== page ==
5 Easy Steps to Turn Third-Party Marketing Data Into Great First-Party Data

Cleaning data

While third-party data can add tremendous value for any company, most buyers of this data don’t take the necessary steps to get the most out of it, thus leading to a low return on investment, discontent with the data quality, and churning through different providers year after year. This article will explore five easy steps to turn third-party data into valuable first-party data.

Just so we are on the same page, let’s define first-party vs. third-party data.

First Party Data: This is data from your marketing, sales, support, and product databases. This data has your business context.

Third Party Data: This is data you can acquire from a third-party, typically a data provider. This can include, people, company, intent, device, and any other data that may be of value to your sales and marketing efforts.

In the last few years, there has been an explosion in the number of marketing and sales data providers. The variety runs the spectrum of:

List/database providers
Web crawler / “real-time” search
Predictive analytics
Account-based “whatever”

The last two categories of providers usually don’t build their own data from scratch, but instead, acquire data from the first two categories of data providers and add values to it such as correlation and segmentation.

The typical consumption model looks like a combination of the following:

  • Sales reps can buy a lead from inside their CRM tool ad-hoc
  • Marketing team buys a list that fits a profile and loads the data
  • A predictive or ABM solution that suggests leads and companies that look promising based on profiling or activity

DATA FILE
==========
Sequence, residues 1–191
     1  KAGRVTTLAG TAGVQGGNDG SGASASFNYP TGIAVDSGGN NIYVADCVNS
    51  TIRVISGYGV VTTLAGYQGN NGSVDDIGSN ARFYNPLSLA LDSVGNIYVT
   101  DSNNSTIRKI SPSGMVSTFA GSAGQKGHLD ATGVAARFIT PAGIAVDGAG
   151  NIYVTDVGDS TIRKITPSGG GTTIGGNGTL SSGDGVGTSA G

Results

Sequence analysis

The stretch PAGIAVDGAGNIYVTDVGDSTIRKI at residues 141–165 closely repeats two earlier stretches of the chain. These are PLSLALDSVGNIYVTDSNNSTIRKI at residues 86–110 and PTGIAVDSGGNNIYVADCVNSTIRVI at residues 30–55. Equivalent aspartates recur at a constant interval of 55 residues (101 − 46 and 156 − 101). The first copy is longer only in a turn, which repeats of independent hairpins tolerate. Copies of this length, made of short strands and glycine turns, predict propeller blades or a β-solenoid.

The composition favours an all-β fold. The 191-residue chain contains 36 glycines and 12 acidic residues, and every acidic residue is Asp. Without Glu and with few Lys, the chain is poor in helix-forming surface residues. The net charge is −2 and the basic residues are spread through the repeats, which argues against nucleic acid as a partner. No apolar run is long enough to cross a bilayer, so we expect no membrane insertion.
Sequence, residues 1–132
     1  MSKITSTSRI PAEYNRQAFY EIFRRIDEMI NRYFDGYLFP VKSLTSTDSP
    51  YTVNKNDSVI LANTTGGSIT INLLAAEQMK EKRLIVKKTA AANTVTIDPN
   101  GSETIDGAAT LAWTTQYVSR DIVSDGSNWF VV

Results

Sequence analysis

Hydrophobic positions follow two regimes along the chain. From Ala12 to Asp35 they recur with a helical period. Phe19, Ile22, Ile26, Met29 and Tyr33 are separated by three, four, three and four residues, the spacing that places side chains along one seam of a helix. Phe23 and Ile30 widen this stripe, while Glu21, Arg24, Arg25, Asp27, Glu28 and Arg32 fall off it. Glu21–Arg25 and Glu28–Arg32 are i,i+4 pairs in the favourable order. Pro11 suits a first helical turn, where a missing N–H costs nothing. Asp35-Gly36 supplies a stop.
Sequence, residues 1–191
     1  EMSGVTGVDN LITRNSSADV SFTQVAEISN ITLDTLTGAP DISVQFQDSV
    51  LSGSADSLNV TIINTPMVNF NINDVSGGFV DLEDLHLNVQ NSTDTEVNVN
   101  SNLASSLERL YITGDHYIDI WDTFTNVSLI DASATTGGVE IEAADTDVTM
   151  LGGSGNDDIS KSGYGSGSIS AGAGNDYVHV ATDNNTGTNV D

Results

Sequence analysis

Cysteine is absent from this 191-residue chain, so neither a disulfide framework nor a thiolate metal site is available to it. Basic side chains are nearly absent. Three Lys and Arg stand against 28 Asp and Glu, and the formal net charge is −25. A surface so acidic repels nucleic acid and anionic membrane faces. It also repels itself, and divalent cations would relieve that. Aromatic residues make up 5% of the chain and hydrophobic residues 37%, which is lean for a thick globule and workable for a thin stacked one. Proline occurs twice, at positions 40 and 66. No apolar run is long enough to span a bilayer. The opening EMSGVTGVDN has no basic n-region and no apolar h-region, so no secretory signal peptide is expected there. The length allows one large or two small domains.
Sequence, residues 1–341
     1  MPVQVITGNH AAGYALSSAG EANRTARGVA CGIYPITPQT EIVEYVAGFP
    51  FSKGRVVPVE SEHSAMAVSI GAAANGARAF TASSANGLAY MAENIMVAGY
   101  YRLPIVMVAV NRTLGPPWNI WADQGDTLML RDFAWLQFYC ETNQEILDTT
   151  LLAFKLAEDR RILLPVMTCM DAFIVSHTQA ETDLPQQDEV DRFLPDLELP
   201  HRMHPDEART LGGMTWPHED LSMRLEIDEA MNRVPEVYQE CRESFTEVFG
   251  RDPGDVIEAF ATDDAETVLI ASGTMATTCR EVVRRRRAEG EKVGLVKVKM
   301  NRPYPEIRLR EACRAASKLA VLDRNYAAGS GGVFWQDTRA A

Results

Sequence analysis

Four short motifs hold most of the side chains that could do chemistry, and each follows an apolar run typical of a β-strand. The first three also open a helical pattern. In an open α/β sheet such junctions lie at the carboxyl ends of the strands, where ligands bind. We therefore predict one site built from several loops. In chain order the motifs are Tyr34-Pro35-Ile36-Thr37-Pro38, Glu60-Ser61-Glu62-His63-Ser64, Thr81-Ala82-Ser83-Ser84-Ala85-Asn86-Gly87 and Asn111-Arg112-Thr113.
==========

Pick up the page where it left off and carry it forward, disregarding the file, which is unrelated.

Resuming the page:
• Third-party data are stored as custom data fields in their sales or marketing automation platform
  • The sales team may look at these custom data fields if the primary ones don’t work
  • Marketing automation platforms essentially ignores these custom fields
  • Multiple sets of data are accumulated creating discrepancies
  • Data is not refreshed or updated for a long period of time, if ever

This approach is not exactly the formula for success, let alone the best way to spend your precious marketing budget. While data quality does vary among providers, how you consume third-party data has more impact on the overall success you will have with the data. To get the maximum value from your third-party data budget, follow these five simples steps.

1.   Clean Before Enrich

If you’re disappointed with your data provider’s match rate, there are two root causes:

The provider does not have that data record

The provider has that data record, but its matching algorithm cannot find the record based on the data you provided

The root cause is frequently a matching issue rather than not having the data. I’ve worked with many data providers and have seen matching algorithm performance ranging from excellent (>80%) to atrocious (<30%). One thing I have found is, if you pre-clean your data before sending it to the third-party for enrichment, you can improve your match rate by 100% to 300%. Simple pre-cleaning should involve:

Removing bad data (e.g., “N/A,” “retired,” “not provided,” “555-1212”)
Standardizing data (e.g., “United States,” “USA,” “U.S.,” “United States of America”)
Filling in blanks (e.g., “California, no country,” “San Francisco, California, no ZIP code”)
Resolving inconsistencies (e.g., “California, Germany,” “city = California”)

2.  Optimize Data Format and Standard

Given data providers live and breath data, you probably figure that you should be able to send them data in any format and standard and they should be able to consume it. Unfortunately, that isn’t the reality. Data providers’ ability to deal with dirty source data varies greatly. Discuss with your data provider how best to deliver your data to maximize match rate. Make sure you cover these three areas:

Format: For example, should you send first name and last name as separate data fields or as one name field? If you send it as one name field, should you include the middle name or middle initial? Don’t think this should matter? It does if want a high match rate.

Standard: Is Puerto Rico a state or a country in your database? How about Scotland? Should “Greater London” be the county, the province, or the urban area? Is it “South Korea,” “Republic of Korea,” or “Korea, Republic of”? Find out which data standards your provider can support and deliver your data in a supported standard.